Smile! You're On Google Street View

A Google sign is posted at Google headquarters in Mountain View, Calif., Thursday, April 19, 2007. Google is expected to report first-quarter earnings after the closing bell Thursday.
AP
The Skinny is Keach Hagey's take on the top news of the day and the best of the Internet.

Feeling a little Britneyesque lately? You know, unable to shake the sense that everywhere you turn, there's a man with a camera waiting to post your most bleary-eyed angle all over the Internet? It's not in your head.

The Los Angeles Times reports today that Google Maps is expanding the cities covered by its Street View, which features actual photographs of city streets and the people who happen to be walking down them when Google's car-mounted cameras zoom by. It didn't take long for bloggers to filter through the shots and find some "vulnerable moments:" Stanford co-eds sunbathing in bikinis, motorists being ticketed by police, a man walking into an adult bookstore in Oakland and "even a man picking his nose on a San Jose park bench."

Privacy advocates are grumbling, but the Times reports it's perfectly legal. "The law allows you to take a picture of anything you can see as long as you are in a public place," said Kelli Sager, a first amendment lawyer with Davis Wright Tremaine in Los Angeles.

But hold off on that head-shaving, umbrella-wielding rampage for a second.

If the cameras catch you leaving a Narcotics Anonymous meeting, you do have the recourse of asking Google to take it down, as one secret smoker who was busted by the cameras did. However, "by the time Google decides to pull down an image, it may have been irretrievably circulated on the Web."

Basra Going Badly

We should know this by now. When Vice President Cheney singles out a part of Iraq as a place "where things are going pretty well," as he did for Basra in February, that's a good indication that the residents there might want to get out of Dodge.

The Washington Post reports today that as British troops withdraw from Basra, violence in the southern city is escalating. The British "have basically been defeated in the south," one official said, and are abandoning their former headquarters at Basra Palace where, in the words of one recent official visitor, there were "surrounded like cowboys and Indians" by militia fighters.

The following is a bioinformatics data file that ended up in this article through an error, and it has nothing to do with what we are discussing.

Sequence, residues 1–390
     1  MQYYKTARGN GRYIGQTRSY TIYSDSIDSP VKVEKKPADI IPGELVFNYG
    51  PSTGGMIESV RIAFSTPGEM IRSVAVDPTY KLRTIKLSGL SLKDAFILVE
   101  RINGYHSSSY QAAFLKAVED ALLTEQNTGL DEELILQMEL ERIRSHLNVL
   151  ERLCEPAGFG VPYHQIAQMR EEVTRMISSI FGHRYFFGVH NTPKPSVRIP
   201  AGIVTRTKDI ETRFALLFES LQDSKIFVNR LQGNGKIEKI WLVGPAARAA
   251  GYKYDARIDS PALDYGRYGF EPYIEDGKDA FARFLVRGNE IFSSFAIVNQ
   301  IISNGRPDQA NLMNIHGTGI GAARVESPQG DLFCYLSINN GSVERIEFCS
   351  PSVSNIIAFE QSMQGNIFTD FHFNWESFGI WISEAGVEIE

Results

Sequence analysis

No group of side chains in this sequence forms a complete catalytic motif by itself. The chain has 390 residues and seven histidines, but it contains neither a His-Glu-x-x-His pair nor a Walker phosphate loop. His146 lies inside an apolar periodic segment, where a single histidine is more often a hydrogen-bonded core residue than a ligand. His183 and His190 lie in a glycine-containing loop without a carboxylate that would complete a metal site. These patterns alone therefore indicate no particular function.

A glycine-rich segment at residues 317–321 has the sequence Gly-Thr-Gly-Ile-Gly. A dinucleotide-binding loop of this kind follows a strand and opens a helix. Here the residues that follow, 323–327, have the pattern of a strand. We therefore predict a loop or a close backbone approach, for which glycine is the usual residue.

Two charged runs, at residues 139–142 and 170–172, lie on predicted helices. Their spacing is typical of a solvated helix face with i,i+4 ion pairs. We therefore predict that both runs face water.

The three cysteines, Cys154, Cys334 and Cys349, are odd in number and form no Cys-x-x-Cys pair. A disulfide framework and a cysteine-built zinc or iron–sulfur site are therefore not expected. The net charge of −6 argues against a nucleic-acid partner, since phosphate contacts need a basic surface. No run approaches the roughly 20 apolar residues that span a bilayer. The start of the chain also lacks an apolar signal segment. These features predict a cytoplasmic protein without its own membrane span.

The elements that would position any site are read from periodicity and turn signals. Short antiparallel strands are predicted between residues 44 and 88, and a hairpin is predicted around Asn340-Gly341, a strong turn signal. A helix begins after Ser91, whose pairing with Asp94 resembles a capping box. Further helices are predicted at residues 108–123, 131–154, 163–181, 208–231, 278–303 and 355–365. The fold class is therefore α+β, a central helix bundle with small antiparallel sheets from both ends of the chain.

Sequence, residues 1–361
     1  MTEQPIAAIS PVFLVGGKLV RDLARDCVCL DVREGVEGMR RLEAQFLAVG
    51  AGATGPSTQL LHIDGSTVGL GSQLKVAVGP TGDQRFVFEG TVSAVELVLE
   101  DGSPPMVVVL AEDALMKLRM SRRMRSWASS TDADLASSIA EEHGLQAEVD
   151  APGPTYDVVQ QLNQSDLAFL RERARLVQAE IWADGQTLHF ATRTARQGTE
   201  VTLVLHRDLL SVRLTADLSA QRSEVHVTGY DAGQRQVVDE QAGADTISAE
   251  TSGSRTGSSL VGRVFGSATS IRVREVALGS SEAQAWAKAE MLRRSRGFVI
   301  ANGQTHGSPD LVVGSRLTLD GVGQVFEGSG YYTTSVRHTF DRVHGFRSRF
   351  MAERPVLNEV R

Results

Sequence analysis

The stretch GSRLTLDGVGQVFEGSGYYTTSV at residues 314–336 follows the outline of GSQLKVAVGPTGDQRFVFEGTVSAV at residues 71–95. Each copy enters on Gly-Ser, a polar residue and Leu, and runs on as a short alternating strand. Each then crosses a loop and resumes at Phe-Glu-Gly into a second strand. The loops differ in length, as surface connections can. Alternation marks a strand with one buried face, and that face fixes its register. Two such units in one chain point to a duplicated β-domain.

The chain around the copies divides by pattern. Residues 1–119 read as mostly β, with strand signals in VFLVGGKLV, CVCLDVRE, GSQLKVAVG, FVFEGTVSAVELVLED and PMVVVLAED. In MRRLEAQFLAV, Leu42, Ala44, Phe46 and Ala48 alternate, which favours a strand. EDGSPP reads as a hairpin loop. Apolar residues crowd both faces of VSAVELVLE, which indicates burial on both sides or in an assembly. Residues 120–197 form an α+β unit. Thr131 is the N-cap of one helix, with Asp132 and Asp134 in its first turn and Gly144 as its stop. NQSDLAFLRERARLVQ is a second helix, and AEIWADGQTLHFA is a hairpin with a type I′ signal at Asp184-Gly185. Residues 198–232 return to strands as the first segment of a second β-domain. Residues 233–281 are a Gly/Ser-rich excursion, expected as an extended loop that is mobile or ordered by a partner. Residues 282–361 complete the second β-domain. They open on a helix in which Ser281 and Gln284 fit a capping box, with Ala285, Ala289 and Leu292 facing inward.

But it's not just that things are going poorly. It's that the situation in Basra invalidates just about every excuse we've been offered about why the rest of Iraq is such a mess:

"For the past four years, the administration's narrative of the Iraq war has centered on al Qaeda, Iran and the sectarian violence they have promoted," the Post reports. "But in the homogenous south -- where there are virtually no U.S. troops or al Qaeda fighters, few Sunnis, and by most accounts limited influence by Iran -- Shiite militias fight one another as well as British troops."

So it turns out Iraqis don't need foreign terrorists, Iran, anti-Americanism or centuries of religious and ethnic tensions to push them into civil war. They can do it all by themselves.

Greenspan Saw It Coming

Alan Greenspan got a funny feeling when he led the Fed to slash interest rates after 9/11, the Wall Street Journal reports.

"I don't know what it is, but we're doing some damage because this is not the way credit markets should operate," he and a colleague recall him saying at the time.

Now those chickens have come home to roost. The low rates fueled a credit fiesta that financed many first-time homebuyers and a wave of corporate takeovers. Now the party appears to be over, the DJ has switched on the lights and the economic scenery isn't so pretty.

"These adverse periods are very painful, but they're inevitable if we choose to maintain a system in which people are free to take risks, a necessary condition for maximum sustainable economic growth," Greenspan said more recently.

But we have to ask: If Alan Greenspan can see the future, why can't he change it?

Quit Bitching

First, they buried the n-word. Now the New York City Council wants to expand its word policing by outlawing –- symbolically, of course -– the use of both "bitch" and "ho'," the New York Times reports. What's a rapper to do? Or for that matter, a veterinarian?

This one might be an uphill battle. After all, the sponsoring councilwoman, who claims the words create "a paradigm of shame and indignity" for all women, admits that "even council members are saying they use it to their wives."

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